“Although we’re so different, we stand on a common ground of wanting to create change,” Murphy said.
While young people typically engage with campaigns on a volunteer level, some hold positions as staff members. Lia Kornmehl, a student at Bowdoin College, is the director of digital content and scheduling for state Rep. Jon Santiago. She plans the campaign’s social media content and attends events with Santiago to capture photos and video.
“Working behind the camera is interesting because you see how he’s having conversations, but then you also see the broader picture of how many people he’s talking to,” Kornmehl said.
“It’s been a really great experience for me to see the diversity of Boston, not only in race or class, but also in opinion, also in perspective.”
Patrick Sheridan Rossi, a political consultant hired by the Santiago campaign, said Kornmehl is “one of the best” campaign staffers he’s worked with and has changed the way he thinks about using a young person’s skill set on campaigns.
Maya Fonkeu and Ben Tayag are field organizers for John Barros, responsible for gathering and building relationships with campaign volunteers.
“I got into organizing as soon as I was able to walk and talk,” Fonkeu said. Her mother was actively involved in the community and took her along to events.
Fonkeu was drawn to Barros, who also started organizing as a teenager, for his plans to close the racial wealth gap and address the lack of affordable housing in Boston. For Tayag, the Barros campaign was the answer to his concerns about equitable education and climate change.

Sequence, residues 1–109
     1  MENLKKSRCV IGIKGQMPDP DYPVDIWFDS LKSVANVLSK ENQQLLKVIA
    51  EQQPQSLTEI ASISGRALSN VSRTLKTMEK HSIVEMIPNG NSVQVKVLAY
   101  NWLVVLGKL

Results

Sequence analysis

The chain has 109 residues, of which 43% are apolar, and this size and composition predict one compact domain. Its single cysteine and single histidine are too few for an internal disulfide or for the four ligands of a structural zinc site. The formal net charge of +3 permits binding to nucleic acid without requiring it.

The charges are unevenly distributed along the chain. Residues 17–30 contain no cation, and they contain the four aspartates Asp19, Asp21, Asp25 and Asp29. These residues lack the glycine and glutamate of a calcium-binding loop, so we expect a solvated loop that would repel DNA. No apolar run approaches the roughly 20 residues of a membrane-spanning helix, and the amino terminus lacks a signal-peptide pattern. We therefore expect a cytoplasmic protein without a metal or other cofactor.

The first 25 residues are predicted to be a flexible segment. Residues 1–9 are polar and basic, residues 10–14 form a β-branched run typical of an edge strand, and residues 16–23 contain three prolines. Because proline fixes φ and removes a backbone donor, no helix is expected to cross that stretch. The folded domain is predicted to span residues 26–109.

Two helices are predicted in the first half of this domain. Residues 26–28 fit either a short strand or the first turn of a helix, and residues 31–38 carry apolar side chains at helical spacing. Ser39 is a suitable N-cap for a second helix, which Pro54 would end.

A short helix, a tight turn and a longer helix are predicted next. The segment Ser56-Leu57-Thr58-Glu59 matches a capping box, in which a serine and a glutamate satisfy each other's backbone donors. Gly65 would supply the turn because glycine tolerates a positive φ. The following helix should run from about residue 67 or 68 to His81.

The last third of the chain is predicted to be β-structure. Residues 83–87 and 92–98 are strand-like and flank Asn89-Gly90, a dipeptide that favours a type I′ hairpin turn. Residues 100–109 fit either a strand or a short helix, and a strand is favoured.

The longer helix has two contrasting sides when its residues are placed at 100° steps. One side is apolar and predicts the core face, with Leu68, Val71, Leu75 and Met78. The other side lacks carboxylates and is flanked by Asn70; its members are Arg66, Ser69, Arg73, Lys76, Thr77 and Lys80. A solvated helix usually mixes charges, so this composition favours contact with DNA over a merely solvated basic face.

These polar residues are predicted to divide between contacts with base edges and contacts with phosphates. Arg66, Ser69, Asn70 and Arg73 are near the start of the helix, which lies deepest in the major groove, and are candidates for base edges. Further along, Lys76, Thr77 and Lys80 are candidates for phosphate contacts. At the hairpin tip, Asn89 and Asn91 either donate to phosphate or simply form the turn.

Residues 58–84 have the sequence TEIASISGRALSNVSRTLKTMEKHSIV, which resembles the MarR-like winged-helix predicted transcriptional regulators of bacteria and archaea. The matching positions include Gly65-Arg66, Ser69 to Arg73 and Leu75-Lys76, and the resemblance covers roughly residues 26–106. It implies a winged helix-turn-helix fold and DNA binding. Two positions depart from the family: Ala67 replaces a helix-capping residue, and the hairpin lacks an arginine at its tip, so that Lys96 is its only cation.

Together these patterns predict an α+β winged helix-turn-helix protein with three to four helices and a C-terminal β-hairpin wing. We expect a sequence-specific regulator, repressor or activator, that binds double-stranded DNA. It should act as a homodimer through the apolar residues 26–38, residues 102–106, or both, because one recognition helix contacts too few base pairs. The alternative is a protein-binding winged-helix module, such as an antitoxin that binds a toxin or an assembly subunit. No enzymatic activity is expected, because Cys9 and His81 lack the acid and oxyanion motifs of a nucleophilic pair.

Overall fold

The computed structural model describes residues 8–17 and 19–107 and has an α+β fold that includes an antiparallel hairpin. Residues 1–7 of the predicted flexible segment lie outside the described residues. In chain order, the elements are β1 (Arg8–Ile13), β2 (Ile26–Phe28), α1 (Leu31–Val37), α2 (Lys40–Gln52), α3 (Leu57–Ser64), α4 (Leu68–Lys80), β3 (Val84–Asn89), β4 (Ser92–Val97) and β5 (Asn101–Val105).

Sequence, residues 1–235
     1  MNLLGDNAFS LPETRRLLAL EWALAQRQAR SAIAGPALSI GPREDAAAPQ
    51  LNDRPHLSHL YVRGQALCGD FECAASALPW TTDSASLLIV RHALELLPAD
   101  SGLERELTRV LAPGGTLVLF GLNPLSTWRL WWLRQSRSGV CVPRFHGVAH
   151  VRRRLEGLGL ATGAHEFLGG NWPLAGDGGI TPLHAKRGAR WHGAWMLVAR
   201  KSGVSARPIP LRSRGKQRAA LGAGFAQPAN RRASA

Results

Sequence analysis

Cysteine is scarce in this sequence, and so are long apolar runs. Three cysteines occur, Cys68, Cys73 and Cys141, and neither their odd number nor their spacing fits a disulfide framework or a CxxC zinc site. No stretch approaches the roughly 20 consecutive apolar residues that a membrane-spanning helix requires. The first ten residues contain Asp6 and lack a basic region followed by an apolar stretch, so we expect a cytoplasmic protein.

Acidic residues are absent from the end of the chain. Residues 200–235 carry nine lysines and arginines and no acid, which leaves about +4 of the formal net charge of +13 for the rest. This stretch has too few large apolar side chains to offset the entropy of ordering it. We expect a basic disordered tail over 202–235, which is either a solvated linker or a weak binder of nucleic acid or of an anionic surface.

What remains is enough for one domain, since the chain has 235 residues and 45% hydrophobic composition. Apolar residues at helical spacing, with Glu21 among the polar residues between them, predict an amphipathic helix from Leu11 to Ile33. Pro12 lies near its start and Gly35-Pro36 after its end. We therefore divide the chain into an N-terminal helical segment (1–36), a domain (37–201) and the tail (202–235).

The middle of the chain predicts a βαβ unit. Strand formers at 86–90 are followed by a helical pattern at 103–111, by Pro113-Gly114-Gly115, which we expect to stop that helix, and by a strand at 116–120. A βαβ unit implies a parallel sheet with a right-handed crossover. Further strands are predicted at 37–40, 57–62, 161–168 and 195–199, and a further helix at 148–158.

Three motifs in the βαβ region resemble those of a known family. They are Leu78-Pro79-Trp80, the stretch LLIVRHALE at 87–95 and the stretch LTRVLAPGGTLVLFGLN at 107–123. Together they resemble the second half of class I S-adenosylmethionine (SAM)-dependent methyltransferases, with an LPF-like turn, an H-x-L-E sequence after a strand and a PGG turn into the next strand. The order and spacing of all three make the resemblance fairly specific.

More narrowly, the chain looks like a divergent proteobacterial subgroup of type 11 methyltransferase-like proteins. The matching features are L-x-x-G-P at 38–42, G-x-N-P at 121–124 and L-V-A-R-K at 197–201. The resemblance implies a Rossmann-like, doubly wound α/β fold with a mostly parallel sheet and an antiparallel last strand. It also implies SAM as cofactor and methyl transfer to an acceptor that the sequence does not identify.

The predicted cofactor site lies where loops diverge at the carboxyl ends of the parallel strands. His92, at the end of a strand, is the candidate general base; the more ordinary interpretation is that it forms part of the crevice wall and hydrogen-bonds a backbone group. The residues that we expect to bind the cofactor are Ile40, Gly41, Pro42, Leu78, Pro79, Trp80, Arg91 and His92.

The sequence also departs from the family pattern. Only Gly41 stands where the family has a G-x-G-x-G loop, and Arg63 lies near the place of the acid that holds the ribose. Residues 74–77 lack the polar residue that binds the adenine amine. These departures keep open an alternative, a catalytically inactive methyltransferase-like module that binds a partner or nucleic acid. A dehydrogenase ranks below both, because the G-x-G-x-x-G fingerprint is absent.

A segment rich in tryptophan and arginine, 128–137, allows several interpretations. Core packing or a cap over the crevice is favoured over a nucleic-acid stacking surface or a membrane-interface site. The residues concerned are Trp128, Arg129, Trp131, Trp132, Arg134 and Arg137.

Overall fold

“We’re really the ears on the ground,” he said.
As field organizers, Fonkeu and Tayag listen to community members and relay their needs back to the campaign.
Regardless of their candidate, young organizers are acutely aware of the power of social media.
“We use it to create, to amplify, and provide as many people with as much information as possible,” Kornmehl said.
She tries to replicate Santiago’s on-the-ground conversations with a wider audience by creating multilingual social media content.
Walsh thinks that Students4Markey proved the importance of social media and youth voices to smaller, local campaigns. She also hopes that Zoom becomes a mainstay after the pandemic. Virtual events made campaigns accessible to young people and others who would not otherwise get involved.
“A lot of the reason digital was big over the summer was because you couldn’t go out, but now there will be more opportunities to do things like canvassing and in-person events,” Vittori-Koch said.
“It’s definitely a reality for us too that we are all mostly high schoolers… people have homework to do, so we don’t want to completely dominate people with all the events,” Walsh noted.
With fewer than three months until the race’s preliminary election, youth organizers are ready for their voices to be heard, and they know campaigns are listening.
“They’re realizing that we’re valuable and we have a lot of power in the spaces we’ve created,” Vittori-Koch said.
Catherine Hurley is studying history and journalism at the University of Massachusetts Amherst